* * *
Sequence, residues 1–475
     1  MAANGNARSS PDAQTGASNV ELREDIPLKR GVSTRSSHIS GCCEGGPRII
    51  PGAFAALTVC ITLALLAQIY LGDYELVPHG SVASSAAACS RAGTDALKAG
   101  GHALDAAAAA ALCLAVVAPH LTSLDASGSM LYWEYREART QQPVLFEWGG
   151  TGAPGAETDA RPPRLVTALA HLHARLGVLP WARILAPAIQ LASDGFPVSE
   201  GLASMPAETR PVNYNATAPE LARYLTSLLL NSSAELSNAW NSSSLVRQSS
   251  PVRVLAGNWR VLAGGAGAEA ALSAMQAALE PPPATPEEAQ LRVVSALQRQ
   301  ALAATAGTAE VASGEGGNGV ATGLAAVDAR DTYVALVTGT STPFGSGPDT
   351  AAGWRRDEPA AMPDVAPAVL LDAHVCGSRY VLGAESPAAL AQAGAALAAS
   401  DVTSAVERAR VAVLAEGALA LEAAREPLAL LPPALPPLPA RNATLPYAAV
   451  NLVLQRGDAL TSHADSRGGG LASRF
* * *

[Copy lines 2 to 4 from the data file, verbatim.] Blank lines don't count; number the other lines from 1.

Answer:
     1  MAANGNARSS PDAQTGASNV ELREDIPLKR GVSTRSSHIS GCCEGGPRII
    51  PGAFAALTVC ITLALLAQIY LGDYELVPHG SVASSAAACS RAGTDALKAG
   101  GHALDAAAAA ALCLAVVAPH LTSLDASGSM LYWEYREART QQPVLFEWGG